Bitcoins may or may not survive in the future, but blockchain technology is here to stay. The potential is immense, and many, many developers have begun looking at managing contracts through them. However, are they truly of any use?
In their essence, contracts are the legal means of establishing an enforceable relationship between multiple parties that intend to exchange value in the form of goods or money. Beginning as informal gentlemen’s agreements, enforceability has been a major issue throughout history as the law around it has been codified and subsequently administered by courts, in cases of dispute. Enforceability of a contract depends on such a contract actually being legal – which requires an agreement (in whatever form, oral or written) to follow certain criteria: intent to form an agreement, between parties with the capacity to enter into such agreements, where lawful consideration is involved. As long as these criteria are fulfilled, a contract can be enforced in a court of law.
Until the 21st century, not much experimentation could be done with the form of a contract that still encompassed these core ingredients of a contract; they were restricted to implied or oral agreements, or those written on paper. However, with the advent of technology, contracts also managed to enter the digital age. Electronic contracts have reached a stage where the major issue, now, is the legality of the ‘electronic signature’ of a party that can be used to determine whether an agreement is valid. Many websites carry the so-called ‘clickwrap’ agreements, for example, where a visitor to the website simply must click a button to signal their agreement with the policies outlined on the webpage they are visiting – a form of agreement that has been called into question by certain jurisdictions.
Questions of enforceability such as these are only going to gain further limelight with the growth of technologies such as the blockchain which was used by Bitcoin, the world’s first cryptocurrency. Essentially, the blockchain is a distributed ledger system, and uses cryptographic algorithms such as asymmetric encryption to validate users. Through the use of encryption and self-executing agreements, the possibility of auto-enforcing agreements – those that use encoded specific performance – is now increasingly moving from the realms of science fiction to reality. Bitcoin, and the blockchain technology behind it, has suddenly proven that value can be transferred between two parties without a third party having to ensure that the contracting parties uphold their ends of the bargain.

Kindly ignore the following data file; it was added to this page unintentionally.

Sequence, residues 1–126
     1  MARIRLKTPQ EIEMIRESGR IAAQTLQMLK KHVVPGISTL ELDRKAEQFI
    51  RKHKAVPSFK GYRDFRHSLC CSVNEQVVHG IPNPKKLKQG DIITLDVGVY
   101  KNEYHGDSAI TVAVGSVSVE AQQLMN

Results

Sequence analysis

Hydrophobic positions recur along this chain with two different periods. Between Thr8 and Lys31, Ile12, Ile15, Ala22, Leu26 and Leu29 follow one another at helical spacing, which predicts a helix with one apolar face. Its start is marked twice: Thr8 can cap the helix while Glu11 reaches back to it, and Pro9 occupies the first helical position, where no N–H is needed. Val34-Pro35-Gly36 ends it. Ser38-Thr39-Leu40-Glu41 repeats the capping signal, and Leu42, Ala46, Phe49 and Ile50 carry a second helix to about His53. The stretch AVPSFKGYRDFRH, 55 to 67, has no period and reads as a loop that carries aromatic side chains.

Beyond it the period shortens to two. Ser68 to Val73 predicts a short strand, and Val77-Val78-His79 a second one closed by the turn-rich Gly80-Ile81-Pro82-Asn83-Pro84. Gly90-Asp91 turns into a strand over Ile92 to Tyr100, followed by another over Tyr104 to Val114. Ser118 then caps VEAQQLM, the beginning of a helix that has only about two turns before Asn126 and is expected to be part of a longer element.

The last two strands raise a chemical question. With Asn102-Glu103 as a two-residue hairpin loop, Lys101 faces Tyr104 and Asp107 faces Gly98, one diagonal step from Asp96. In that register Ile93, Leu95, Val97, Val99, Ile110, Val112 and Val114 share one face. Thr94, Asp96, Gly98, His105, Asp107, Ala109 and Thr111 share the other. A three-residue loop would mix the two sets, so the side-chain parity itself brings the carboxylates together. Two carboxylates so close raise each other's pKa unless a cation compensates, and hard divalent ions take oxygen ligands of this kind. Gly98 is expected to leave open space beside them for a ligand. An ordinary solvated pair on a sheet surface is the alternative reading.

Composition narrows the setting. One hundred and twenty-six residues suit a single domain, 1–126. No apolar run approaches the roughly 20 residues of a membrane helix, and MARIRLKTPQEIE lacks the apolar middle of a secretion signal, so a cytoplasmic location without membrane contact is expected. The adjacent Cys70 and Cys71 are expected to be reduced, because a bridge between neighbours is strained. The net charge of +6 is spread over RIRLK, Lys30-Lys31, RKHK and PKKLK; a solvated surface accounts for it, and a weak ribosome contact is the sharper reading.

While smart contracts using blockchain technology are slowly emerging, research into the legal and contractual aspects of such technologies is still in its infancy. Code behind smart contracts is being rapidly developed, but it remains to be seen how such contracts would operate in the real world, and also whether courts would enforce such contracts. Since it is possible to transfer value from one party to the other using blockchain technology, and considering the immense efficiency that self-executing code offers, it is quite possible that future contracts may morph into an amalgam of written contractual clauses and smart contract code. Currently, written agreements bank on parties trusting each other to adhere to the terms of such contracts – or risk ending up in highly expensive litigation that enforces such behavior on them through remedies such as damages and specific performance.
 Lorenzen, E. G.. (1919). Causa and Consideration in the Law of Contracts. The Yale Law Journal, 28(7), 621–646. http://doi.org/10.2307/786772
 Iris Bohnet, Bruno S. Frey and Steffen Huck (2001). More Order with Less Law: On Contract Enforcement, Trust, and Crowding. American Political Science Review, 95, pp 131-144. doi:10.1017/S0003055401000211
 Ibid at 1
 InBrief, What is an Electronic Contract?, available at: http://www.inbrief.co.uk/contract-law/electronic-contracts.htm#; last visited 28/03/2016
 Richard Raysman, Enforceability of Clickwrap Agreement Called into Question – Checklist for Best Practices in Electronic Contracting, Holland & Knight, available at: https://www.hklaw.com/digitaltechblog/Enforceability-of-Clickwrap-Agreement-Called-into-Question—-Checklist-for-Best-Practices-in-Electronic-Contracting-11-07-2012/; last accessed: 28/03/2016
 Ibid at 6
 Nick Szabo, “The Idea of Smart Contracts”, http://szabo.best.vwh.net/smart_contracts_idea.html; last accessed: 17/3/2016
 Eisenberg, T. and Miller, G. P. (2015), Damages Versus Specific Performance: Lessons from Commercial Contracts. Journal of Empirical Legal Studies, 12: 29–69. doi: 10.1111/jels.12064